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When you put a name at the top of your index.php like:

<?php
/* Template Name: Blog Template */ 
?>

it will work for front-page and it will also create a new page template. I'm wondering if this is allowed and done on purpose? Are there any pitfalls of using index.php as page template?

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1 Answer 1

up vote 1 down vote accepted

You can use it as a page template, just as any file with such a header can be used.

That doesn't necessarily mean it's a good idea. The template hierarchy already uses index.php as a last resort if it cannot find an appropriate template for a page/post/listing etc, so a specific page will already have template filenames matched to it that will be looked for, e.g. page-{slug}.php or page-{id}.php or page.php etc

Using index.php as a page template potentially muddles up your theme structure by making it dual purpose, and complicates things for any other developers ( who can then point it out and make you look bad to the client ).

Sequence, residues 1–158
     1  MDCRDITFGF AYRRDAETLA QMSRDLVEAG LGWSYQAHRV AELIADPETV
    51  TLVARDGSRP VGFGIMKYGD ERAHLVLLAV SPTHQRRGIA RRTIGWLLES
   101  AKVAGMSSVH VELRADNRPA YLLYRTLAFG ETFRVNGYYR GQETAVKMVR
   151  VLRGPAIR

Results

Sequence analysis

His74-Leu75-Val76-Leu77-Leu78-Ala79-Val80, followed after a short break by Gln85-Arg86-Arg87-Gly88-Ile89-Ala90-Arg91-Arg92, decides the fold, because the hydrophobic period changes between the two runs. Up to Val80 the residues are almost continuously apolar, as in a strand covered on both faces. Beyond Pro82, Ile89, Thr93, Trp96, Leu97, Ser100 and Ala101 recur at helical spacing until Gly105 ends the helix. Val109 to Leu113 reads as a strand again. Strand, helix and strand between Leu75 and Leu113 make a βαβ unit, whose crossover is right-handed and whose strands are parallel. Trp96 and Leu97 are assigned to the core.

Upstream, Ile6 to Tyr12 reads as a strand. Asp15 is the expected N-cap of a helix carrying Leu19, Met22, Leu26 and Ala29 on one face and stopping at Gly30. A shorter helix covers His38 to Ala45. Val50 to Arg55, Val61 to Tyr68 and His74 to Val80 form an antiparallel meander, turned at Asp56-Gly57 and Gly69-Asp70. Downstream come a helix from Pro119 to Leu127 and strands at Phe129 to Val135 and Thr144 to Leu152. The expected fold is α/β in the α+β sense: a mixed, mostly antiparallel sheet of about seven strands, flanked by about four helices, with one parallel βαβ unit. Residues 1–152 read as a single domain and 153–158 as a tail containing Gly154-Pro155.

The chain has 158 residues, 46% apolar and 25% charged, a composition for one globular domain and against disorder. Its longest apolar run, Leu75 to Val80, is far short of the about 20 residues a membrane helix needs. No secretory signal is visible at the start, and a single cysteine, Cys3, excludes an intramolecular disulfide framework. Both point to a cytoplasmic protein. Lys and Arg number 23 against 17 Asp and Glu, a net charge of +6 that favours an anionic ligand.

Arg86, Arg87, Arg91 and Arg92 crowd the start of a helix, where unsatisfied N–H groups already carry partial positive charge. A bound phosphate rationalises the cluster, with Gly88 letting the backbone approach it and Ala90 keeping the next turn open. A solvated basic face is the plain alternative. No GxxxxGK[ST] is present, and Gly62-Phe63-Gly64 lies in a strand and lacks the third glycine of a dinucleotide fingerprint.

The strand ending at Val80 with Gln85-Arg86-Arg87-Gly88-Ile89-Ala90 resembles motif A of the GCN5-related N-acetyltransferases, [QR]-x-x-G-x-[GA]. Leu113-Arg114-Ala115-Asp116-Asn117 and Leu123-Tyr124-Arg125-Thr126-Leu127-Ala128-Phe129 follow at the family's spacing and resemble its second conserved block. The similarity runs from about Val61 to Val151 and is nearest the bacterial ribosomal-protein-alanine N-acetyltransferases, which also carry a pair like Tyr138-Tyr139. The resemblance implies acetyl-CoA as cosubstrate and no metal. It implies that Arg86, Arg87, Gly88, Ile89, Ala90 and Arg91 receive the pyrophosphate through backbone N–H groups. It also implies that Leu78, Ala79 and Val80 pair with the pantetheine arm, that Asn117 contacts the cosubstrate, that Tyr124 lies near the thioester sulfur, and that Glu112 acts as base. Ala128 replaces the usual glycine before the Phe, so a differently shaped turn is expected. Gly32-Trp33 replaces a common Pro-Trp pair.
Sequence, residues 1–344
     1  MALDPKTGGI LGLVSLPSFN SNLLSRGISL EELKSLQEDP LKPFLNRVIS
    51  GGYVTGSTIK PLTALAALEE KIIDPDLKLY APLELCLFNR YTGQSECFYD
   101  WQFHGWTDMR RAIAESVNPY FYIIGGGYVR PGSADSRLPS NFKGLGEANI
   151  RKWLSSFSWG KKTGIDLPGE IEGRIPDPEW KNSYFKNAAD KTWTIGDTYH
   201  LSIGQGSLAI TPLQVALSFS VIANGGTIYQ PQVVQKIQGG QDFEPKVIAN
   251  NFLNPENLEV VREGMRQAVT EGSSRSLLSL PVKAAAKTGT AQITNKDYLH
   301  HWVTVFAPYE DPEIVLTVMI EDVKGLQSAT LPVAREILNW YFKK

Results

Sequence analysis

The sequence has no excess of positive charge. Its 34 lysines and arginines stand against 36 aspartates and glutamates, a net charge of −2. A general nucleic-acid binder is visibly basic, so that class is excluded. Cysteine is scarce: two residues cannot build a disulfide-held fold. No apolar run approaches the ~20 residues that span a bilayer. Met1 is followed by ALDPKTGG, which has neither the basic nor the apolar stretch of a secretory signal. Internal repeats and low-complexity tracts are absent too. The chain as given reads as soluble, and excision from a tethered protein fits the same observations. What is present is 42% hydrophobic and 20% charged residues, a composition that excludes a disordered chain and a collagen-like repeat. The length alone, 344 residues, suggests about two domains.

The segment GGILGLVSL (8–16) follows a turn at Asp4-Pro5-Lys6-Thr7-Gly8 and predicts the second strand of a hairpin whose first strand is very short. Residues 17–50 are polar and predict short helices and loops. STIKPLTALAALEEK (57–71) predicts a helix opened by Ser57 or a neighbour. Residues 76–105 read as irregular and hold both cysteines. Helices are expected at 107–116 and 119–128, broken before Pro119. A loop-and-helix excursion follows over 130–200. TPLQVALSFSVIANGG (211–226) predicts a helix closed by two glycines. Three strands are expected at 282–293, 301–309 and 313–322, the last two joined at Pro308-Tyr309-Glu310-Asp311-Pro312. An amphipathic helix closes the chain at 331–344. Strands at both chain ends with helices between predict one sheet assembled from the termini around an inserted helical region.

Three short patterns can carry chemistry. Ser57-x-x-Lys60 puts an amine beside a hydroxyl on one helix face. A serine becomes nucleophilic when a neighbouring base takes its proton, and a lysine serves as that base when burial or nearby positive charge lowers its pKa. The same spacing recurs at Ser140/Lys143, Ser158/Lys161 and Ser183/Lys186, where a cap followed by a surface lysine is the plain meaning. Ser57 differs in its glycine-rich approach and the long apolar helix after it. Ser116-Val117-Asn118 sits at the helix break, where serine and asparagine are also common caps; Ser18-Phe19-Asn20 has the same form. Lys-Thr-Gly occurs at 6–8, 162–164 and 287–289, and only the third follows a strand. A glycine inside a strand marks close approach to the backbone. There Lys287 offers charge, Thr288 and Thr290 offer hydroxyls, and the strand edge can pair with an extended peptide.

The ability to do this is not deliberate. There are no rules as to which files can and cannot be detected as a page template. So long as the file has that header comment it will show up. So header.php can be used, so can footer.php, and you can create a terrible mess doing so, and there's nothing to stop you.

So I would recommend against it, but it is possible.

If you're looking to prevent code duplication, I instead point you to the get_template_part function. You can separate out the common components into separate files and include them, and it'll also handle child themes and subfolders.

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Thanks, I see! It actually makes more sense to me to pack blog into index.php AND give users ability to set more blogs as subpages than to duplicate that code into index.php and template-blog.php. The only difference is actually if(is_page()){ create custom loop } and else - load whatever it returns. It looks elegant to me. –  Paul Apr 2 '13 at 14:27
    
Not sure i got what you meant there, if you have code duplication, I recommend that you instead separate the duplicate code into a separate file and use get_template_part, if you're using if else etc to control what gets shown where on a template then you should split it further and use get_template_part –  Tom J Nowell Apr 2 '13 at 15:10

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